Answer:
(b) While cooking, if the bottom of the vessel is getting blackened on the outside, then it means that the fuel is not burning completely.

Question 4:
Explain the nature of the covalent bond using the bond formation in CH3Cl.
Answer:
Carbon can neither lose four of its electrons nor gain four electrons as both the processes require extra amount of energy and would make the system unstable. Therefore, it completes its octet by sharing its four electrons with other carbon atoms or with atoms of other elements. The bonds that are formed by sharing electrons are known as covalent bonds. In covalent bonding, both the atoms share the valence electrons, i.e., the shared electrons belong to the valence shells of both the atoms.

Here, carbon requires 4 electrons to complete its octet, while each hydrogen atom requires one electron to complete its duplet. Also, chlorine requires an electron to complete the octet. Therefore, all of these share the electrons and as a result, carbon forms 3 bonds with hydrogen and one with chlorine.

Question 5:
Draw the electron dot structures for
(a) ethanoic acid.
(b) H2S.
(c) propanone.
(d) F2.
Answer:

Question 6:
What is a homologous series? Explain with an example.
Answer:
A homologous series is a series of carbon compounds that have different numbers of carbon atoms but contain the same functional group. For example, methane, ethane, propane, butane, etc. are all part of the alkane homologous series. The general formula of this series is CnH2n+2.
Methane CH4
Ethane CH3CH3
Propane CH3CH2CH3
Butane CH3CH2CH2CH3
It can be noticed that there is a difference of −CH2 unit between each successive compound.

Question 7:
How can ethanol and ethanoic acid be differentiated on the basis of their physical and chemical properties?
Answer:
– Ethanol is a liquid at room temperature with a pleasant odour while ethanoic acid has vinegar-like smell. The melting point of ethanoic acid is 17°C. This is below room
temperature and hence, it freezes during winters.
– Ethanoic acid reacts with metal carbonates and metal hydrogencarbonates to form salt, water, and carbon dioxide gas while ethanol does not react with them.

Question 8:
In the electrolytic refining of a metal M, what would you take as the anode, the cathode and the electrolyte?
Answer:
In the electrolytic refining of a metal M:
Anode → Impure metal M
Cathode → Thin strip of pure metal M
Electrolyte → Solution of salt of the metal M

Question 9:
Why are carbon and its compounds used as fuels for most applications?
Answer:
Most of the carbon compounds give a lot of heat and light when burnt in air. Saturated hydrocarbons burn with a clean flame and no smoke is produced. The carbon compounds, used as a fuel, have high calorific values. Therefore, carbon and its compounds are used as fuels for most applications.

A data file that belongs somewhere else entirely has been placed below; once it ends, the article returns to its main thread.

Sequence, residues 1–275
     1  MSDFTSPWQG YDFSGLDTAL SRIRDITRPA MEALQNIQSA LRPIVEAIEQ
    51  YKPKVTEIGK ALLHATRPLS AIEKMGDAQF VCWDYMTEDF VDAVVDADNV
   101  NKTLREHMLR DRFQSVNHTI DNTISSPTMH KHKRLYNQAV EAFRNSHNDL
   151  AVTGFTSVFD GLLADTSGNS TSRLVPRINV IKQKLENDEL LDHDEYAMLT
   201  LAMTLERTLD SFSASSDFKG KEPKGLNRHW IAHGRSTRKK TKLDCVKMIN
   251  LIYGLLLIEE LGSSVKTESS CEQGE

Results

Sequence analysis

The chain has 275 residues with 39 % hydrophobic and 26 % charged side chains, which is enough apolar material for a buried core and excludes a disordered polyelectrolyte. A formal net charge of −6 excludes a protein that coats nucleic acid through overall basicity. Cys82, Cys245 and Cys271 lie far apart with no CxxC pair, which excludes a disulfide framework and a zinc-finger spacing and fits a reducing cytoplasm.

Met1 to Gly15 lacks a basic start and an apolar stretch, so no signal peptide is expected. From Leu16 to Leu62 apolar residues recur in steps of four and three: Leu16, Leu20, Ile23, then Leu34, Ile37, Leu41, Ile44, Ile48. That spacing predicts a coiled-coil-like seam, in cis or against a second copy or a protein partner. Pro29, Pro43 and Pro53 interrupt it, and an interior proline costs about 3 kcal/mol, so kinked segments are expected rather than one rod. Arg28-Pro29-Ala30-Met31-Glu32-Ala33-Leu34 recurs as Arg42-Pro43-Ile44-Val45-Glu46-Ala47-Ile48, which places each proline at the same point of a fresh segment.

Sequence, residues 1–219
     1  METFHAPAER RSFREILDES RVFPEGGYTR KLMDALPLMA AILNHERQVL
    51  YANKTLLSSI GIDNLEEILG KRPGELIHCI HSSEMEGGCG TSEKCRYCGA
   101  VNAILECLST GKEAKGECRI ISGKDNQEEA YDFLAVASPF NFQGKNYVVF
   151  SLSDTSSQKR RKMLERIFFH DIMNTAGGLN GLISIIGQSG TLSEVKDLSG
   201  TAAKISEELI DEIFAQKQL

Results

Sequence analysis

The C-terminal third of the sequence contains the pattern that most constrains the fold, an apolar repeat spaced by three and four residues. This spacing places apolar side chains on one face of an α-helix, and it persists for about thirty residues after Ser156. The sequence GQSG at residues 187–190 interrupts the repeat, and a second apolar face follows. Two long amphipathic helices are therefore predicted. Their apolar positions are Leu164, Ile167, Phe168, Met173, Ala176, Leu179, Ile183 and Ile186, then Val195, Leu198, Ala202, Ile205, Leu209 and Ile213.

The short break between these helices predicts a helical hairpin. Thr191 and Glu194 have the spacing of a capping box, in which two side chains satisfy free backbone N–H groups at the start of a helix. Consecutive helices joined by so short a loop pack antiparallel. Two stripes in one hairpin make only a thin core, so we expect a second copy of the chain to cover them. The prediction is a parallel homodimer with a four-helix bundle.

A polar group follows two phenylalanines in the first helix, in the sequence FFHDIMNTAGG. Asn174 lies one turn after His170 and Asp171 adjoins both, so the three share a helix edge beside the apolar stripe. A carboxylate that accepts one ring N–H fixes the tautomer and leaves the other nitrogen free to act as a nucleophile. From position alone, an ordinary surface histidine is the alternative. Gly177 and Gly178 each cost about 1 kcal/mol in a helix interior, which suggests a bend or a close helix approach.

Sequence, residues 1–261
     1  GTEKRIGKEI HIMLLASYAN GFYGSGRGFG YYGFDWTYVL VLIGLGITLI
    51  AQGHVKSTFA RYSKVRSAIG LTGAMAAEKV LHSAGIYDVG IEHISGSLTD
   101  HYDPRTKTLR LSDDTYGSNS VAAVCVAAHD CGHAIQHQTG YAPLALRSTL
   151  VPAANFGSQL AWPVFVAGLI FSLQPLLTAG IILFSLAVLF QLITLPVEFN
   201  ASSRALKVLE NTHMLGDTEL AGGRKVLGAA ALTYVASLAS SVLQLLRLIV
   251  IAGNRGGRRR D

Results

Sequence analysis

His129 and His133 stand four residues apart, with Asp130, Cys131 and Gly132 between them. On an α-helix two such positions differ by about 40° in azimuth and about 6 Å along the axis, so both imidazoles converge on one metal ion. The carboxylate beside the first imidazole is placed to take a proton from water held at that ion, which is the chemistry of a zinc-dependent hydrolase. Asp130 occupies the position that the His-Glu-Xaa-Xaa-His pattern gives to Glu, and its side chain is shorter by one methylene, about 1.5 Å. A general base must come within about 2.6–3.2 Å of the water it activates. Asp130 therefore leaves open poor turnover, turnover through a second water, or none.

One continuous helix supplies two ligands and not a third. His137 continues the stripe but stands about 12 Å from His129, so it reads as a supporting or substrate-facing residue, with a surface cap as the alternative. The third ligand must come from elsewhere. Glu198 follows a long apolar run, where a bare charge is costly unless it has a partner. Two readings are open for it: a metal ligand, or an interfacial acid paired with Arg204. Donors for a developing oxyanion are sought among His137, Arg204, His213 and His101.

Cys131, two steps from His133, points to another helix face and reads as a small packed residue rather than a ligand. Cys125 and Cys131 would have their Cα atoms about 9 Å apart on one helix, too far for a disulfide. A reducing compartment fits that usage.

Question 10:
Explain the formation of scum when hard water is treated with soap.
Answer:
Soap does not work properly when the water is hard. A soap is a sodium or potassium salt of long chain fatty acids. Hard water contains salts of calcium and magnesium. When soap is added to hard water, calcium and magnesium ions present in water displace sodium or potassium ions from the soap molecules forming an insoluble substance called scum. A lot of soap is wasted in the process.

Question 11:
What change will you observe if you test soap with litmus paper (red and blue)?
Answer:
Since soap is basic in nature, it will turn red litmus blue. However, the colour of blue litmus will remain blue.

Question 12:
What is hydrogenation? What is its industrial application?
Answer:
Hydrogenation is the process of addition of hydrogen. Unsaturated hydrocarbons are added with hydrogen in the presence of palladium and nickel catalysts to give saturated hydrocarbons.

This reaction is applied in the hydrogenation of vegetables oils, which contain long chains of unsaturated carbons.

Question 13:
Which of the following hydrocarbons undergo addition reactions: C2H6, C3H8, C3H6, C2H2 and CH4.
Answer:
Unsaturated hydrocarbons undergo addition reactions. Being unsaturated hydrocarbons, C3H6 and C2H2 undergo addition reactions.

Question 14:
Give a test that can be used to differentiate chemically between butter and cooking oil.
Answer:
Butter contains saturated fats. Therefore, it cannot be hydrogenated. On the other hand, oil has unsaturated fats. That is why it can be hydrogenated to saturated fats (solids).

Question 15:
Explain the mechanism of the cleaning action of soaps.
Answer:
Cleansing action of soaps: The dirt present on clothes is organic in nature and insoluble in water. Therefore, it cannot be removed by only washing with water. When soap is dissolved in water, its hydrophobic ends attach themselves to the dirt and remove it from the cloth. Then, the molecules of soap arrange themselves in micelle formation and trap the dirt at the centre of the cluster. These micelles remain suspended in the water. Hence, the dust particles are easily rinsed away by water.